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YEARS OF WANDERINGS   '                   225

magistrate of Huangchow. This girl, Shengchih, was the magistrate's
favourite. The magistrate had been a very great and dear friend of Su
' Tungpo, but he had died and the girl had remarried. When Su Tungpo
^saw this beautiful girl appear gaily at the dinner, he was deeply touched,
' and thinking of his dear friend, his eyes moistened with tears and his
throat choked. This amused Shengchih, who could not conceal her
laughter and turned round to make remarks to others. Su left the table
feeling very badly about it, and he told his friends that one should never
marry a concubine, citing Shengchih as an example.

The Emperor fell ill, and on March i his mother, the Empress
Dowager, wife of Ingtsung, began to act as regent. On March 5 the
Emperor died, and on the following day an edict was issued granting
$u*s request to stay at the lake district The news meant much to Su,
for now,his wish was fulfilled and his plan settled. The family then
>began to move back to Ishing, leaving the Southern Capital on April 3,
and arriving at their new home in the lake district on May 22, 1085.

At long last, Su Tungpo believed he was going to settle there for life.
"For ten years the search for a home has been in vain, but now I
am really to be an old farmer." He was going to spend his old age in
idyllically beautiful surroundings. He could come and go in a small
boat while his "spirit travelled unfettered beyond the material universe".

As fate would have it, just as his plan for a place of retirement had
been realised, the news came that he was recalled to office. There was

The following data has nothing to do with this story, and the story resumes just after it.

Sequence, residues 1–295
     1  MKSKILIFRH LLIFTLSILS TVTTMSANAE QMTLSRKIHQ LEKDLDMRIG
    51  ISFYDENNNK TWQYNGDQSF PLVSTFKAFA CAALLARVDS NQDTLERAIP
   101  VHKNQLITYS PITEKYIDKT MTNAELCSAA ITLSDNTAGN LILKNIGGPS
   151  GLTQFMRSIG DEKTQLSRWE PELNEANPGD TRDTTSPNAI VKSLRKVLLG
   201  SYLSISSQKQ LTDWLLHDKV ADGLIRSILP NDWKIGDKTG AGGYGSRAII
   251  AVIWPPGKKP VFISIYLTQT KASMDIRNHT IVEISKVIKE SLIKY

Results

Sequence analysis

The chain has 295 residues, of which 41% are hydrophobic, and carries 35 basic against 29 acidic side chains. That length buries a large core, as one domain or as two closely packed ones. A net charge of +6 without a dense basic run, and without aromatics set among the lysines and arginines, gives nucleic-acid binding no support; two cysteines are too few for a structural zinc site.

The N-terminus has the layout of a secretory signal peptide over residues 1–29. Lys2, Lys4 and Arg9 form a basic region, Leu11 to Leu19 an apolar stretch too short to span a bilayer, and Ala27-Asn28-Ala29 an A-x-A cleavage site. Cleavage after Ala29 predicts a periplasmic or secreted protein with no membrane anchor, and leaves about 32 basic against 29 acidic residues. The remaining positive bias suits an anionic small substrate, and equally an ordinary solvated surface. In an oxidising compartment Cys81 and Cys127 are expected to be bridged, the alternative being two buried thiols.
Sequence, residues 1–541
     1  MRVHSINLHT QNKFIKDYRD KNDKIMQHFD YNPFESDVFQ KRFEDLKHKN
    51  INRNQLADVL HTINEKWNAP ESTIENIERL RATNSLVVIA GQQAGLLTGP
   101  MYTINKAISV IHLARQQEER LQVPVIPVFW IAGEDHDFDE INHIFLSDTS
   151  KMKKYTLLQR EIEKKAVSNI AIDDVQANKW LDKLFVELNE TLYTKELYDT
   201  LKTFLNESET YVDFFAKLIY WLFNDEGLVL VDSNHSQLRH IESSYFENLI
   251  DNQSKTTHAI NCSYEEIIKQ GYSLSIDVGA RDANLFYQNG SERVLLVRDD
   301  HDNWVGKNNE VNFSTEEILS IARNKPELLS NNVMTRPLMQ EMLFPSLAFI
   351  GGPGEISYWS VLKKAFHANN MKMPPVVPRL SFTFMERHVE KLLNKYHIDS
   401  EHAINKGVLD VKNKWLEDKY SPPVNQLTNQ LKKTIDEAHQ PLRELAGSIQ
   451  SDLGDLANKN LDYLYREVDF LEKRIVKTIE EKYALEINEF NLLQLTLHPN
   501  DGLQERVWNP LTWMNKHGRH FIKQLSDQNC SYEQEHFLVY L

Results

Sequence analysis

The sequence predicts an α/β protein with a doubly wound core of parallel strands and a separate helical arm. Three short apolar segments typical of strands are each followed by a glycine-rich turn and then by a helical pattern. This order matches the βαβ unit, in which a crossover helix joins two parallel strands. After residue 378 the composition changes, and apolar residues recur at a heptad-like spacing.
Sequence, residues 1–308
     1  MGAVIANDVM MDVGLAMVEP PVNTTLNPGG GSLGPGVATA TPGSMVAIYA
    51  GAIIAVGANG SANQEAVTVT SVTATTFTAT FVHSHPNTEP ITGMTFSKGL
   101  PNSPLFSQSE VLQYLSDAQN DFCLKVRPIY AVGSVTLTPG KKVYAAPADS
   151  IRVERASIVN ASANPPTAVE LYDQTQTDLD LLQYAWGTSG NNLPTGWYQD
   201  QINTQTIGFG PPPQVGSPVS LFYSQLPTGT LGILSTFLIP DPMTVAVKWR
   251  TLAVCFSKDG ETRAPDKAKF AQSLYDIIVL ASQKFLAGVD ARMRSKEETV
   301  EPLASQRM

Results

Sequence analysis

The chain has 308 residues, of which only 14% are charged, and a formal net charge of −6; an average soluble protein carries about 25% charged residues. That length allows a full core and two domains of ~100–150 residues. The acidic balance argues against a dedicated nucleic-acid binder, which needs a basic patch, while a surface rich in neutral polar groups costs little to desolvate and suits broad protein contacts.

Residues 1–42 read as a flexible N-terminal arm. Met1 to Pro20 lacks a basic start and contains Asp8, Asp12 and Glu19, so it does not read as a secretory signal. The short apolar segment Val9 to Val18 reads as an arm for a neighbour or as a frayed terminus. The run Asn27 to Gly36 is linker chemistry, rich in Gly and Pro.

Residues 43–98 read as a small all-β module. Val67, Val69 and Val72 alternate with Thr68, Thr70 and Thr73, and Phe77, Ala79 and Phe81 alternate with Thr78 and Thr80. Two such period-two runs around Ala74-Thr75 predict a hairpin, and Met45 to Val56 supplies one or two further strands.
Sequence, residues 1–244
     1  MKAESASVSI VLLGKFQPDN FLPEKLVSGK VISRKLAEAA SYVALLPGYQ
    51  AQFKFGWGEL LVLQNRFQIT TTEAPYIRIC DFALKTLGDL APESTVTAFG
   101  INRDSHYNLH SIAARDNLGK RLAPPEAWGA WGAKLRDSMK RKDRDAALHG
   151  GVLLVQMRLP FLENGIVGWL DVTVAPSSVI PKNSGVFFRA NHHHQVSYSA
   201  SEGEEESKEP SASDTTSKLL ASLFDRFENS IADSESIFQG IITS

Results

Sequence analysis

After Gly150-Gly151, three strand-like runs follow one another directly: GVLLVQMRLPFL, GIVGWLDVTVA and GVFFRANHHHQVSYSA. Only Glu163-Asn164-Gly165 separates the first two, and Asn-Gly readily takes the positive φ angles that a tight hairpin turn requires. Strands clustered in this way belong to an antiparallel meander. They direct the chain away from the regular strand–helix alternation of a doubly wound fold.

^ardly an interval of ten days between his arrival at Ishing and the news
.oi his appointment as chief magistrate of Tengchow, near Chefoo. He
was told of the rumour which had come from the capital, but refused
to believe it, saying that the capital was always full of rumours, and that
there was no mention of it in the latest court bulletin, of April 17.

Su Tungpo was confused, and at heart he hated the change. A few
days later, the official appointment arrived. The family was overjoyed
and the children cried that they could not believe it. But in a poem Su
Tungpo compared himself to a poor thoroughbred who had passed
his prime and "had no desire to graze on the top of the Tienshan
Mountain". In another poem he said: "Coming down south, I was
prepared to take up farming, and after my garden was completed, I
should have been able to enjoy many happy days. Who would think
that in my remaining years I would have to be in the city again? I
feel like a tired horse who balks at climbing up a hill." In his letter to
Foyin, he said: "I am going to enter the village of scoundrels again";
and he wrote to Mi Fei: "I feel unhappy and a little worried at the
thought of re-entering the troublous life of politics in my old age."

Nevertheless he accepted the post. The Empress Dowager was setting
things moving. Szema Kuang had been appointed chief of the imperial